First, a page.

CJK 02. Intermittent androgen suppression therapy

CJK 02. Intermittent androgen suppression therapy

Zhi Ping Wang

Institute of Urology, The Second Hospital of Lanzhou University, Lanzhou 730000, China

Hormone therapy (HT) is the mainstay medical therapy for men with advanced prostate cancer (PCa) (ie, locally advanced and metastatic) and is also increasingly used at earlier disease stages, although there are no specific recommendations for these patients as of yet. Although men with PCa may benefit from HT, they will also be subjected to the side-effects of treatment. These side-effects may include hot flushes; sexual problems, such as impotence and decreased libido; fatigue; and psychological effects, such as emotional instability, depression, or cognitive dysfunction. It is also becoming increasingly clear that HT induces accelerated bone loss, eventually leading to osteoporosis and, potentially, to fractures as well as to lipid disorders, obesity, loss of muscle mass, and an increased risk of cardiovascular morbidity and mortality. Over the years, intermittent HT (IHT) has garnered interest in the urologic community as a means to minimize the side-effects of HT and to improve the overall quality of life (QOL) of the patient. Additionally, in the early 1990s, preclinical studies showed that androgen replacement restored the apoptotic potential of the androgen-dependent tumour cells that survived HT and delayed the development of androgen independence. Moreover, in IHT tumour models, such as androgen-dependent Shionogi carcinomas in mice and lymph node carcinomas of the prostate in human PCa xenografts, a prolongation of androgen independence of up to three times was also reported. This finding led to the hypothesis that reexposure of PCa cells to androgen would reinduce the androgen-dependent phenotype and that, therefore, IHT could potentially delay the progression to castration-resistant PCa (CRPC). In addition to the reduction of treatment-related sideeffects and the potential delay of progression to CRPC, the benefits of IHT could also include reduced health care costs. Considering these potential benefits, IHT could be a promising alternative to continuous HT; however, questions remain as to whether the current scientific evidence supports the use of IHT and how IHT should be applied in daily clinical practice.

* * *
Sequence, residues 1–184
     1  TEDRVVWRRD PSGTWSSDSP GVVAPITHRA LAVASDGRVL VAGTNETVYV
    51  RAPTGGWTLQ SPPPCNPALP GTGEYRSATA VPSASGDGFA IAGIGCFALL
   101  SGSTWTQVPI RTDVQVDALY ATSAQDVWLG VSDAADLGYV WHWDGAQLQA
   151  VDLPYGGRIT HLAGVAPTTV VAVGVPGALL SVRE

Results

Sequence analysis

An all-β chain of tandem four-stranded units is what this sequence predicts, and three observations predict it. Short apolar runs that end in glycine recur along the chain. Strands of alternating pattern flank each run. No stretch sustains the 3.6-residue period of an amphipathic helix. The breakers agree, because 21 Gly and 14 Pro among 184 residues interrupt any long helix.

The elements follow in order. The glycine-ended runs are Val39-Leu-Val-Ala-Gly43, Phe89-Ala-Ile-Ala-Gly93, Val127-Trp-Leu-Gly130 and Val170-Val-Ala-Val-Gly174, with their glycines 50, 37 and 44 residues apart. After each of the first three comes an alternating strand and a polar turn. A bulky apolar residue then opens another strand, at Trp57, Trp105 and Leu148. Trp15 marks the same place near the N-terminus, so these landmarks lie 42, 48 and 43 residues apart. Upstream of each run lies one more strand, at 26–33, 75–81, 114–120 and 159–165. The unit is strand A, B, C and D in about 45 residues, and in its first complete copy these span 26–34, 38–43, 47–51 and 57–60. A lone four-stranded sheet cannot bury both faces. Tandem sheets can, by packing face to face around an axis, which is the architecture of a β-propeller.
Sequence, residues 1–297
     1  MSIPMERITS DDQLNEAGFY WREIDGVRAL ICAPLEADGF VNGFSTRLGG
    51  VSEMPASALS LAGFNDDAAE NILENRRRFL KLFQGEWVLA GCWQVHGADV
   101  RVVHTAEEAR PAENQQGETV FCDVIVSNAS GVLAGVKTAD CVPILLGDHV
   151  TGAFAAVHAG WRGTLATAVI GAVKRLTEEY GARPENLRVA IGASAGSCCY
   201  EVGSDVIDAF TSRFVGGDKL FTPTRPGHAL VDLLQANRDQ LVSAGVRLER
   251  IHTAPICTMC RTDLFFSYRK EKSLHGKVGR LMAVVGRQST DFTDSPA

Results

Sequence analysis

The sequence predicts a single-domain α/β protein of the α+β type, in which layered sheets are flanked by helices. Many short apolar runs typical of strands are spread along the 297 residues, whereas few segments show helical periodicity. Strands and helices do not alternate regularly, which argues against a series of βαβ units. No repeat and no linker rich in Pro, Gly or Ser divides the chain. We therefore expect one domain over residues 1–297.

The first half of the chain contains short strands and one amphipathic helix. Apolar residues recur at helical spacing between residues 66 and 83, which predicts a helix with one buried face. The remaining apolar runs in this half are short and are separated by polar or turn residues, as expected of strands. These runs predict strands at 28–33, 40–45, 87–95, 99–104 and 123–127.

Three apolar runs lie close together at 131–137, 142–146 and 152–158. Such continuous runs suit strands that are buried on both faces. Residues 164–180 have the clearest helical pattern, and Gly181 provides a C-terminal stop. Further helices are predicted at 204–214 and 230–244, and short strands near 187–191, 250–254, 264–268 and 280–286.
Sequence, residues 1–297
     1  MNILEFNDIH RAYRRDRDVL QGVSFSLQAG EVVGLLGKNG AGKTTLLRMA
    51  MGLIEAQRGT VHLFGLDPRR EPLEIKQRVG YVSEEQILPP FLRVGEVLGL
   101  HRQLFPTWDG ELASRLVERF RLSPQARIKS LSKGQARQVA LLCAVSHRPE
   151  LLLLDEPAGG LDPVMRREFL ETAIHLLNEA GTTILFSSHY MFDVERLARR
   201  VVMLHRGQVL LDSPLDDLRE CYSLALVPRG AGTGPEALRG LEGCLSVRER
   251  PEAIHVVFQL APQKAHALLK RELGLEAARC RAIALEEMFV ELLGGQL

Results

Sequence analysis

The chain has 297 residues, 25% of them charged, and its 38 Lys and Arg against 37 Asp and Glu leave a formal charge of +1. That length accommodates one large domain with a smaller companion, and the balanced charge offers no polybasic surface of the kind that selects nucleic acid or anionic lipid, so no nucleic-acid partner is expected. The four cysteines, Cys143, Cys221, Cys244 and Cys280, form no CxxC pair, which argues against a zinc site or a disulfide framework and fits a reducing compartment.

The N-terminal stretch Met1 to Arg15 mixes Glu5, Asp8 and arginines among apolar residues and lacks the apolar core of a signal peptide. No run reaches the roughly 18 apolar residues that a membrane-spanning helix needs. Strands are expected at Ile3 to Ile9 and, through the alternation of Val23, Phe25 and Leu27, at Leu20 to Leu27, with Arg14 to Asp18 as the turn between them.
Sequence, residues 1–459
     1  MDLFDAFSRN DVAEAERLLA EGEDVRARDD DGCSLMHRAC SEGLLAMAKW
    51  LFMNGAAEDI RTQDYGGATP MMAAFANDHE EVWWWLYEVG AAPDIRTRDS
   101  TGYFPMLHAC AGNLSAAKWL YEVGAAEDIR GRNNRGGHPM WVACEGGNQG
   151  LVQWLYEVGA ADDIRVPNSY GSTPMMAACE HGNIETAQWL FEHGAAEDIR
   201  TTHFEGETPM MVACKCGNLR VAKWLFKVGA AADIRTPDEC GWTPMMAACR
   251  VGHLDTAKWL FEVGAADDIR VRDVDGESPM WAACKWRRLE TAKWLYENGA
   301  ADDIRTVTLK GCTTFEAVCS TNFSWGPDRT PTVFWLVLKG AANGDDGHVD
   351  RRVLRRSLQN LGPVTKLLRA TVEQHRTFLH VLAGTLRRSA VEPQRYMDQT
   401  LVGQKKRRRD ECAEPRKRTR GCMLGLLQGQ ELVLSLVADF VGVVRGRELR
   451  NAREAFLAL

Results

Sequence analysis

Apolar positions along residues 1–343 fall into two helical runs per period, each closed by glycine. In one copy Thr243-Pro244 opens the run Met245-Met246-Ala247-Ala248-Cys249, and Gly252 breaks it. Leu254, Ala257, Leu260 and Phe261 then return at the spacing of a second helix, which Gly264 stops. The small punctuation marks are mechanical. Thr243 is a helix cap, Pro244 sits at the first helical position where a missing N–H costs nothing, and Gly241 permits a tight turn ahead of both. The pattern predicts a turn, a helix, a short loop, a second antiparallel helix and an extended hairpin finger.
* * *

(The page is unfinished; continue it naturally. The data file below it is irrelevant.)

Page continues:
DOI: 10.3978/j.issn.2223-4683.2012.s240

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